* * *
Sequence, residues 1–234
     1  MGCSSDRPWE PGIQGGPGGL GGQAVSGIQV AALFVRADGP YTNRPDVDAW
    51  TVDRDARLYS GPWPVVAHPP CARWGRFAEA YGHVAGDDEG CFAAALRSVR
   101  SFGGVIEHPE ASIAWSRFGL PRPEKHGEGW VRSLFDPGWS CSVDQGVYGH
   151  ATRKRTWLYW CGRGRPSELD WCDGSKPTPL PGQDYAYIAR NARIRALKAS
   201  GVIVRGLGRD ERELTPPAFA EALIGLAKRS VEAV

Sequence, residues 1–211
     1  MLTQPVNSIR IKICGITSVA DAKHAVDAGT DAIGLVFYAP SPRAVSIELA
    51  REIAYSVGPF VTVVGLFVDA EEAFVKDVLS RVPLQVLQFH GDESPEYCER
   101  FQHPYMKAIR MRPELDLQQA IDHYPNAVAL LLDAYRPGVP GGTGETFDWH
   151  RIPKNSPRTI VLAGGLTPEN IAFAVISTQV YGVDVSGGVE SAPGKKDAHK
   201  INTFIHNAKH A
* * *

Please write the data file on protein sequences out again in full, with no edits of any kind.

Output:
Sequence, residues 1–234
     1  MGCSSDRPWE PGIQGGPGGL GGQAVSGIQV AALFVRADGP YTNRPDVDAW
    51  TVDRDARLYS GPWPVVAHPP CARWGRFAEA YGHVAGDDEG CFAAALRSVR
   101  SFGGVIEHPE ASIAWSRFGL PRPEKHGEGW VRSLFDPGWS CSVDQGVYGH
   151  ATRKRTWLYW CGRGRPSELD WCDGSKPTPL PGQDYAYIAR NARIRALKAS
   201  GVIVRGLGRD ERELTPPAFA EALIGLAKRS VEAV

Sequence, residues 1–211
     1  MLTQPVNSIR IKICGITSVA DAKHAVDAGT DAIGLVFYAP SPRAVSIELA
    51  REIAYSVGPF VTVVGLFVDA EEAFVKDVLS RVPLQVLQFH GDESPEYCER
   101  FQHPYMKAIR MRPELDLQQA IDHYPNAVAL LLDAYRPGVP GGTGETFDWH
   151  RIPKNSPRTI VLAGGLTPEN IAFAVISTQV YGVDVSGGVE SAPGKKDAHK
   201  INTFIHNAKH A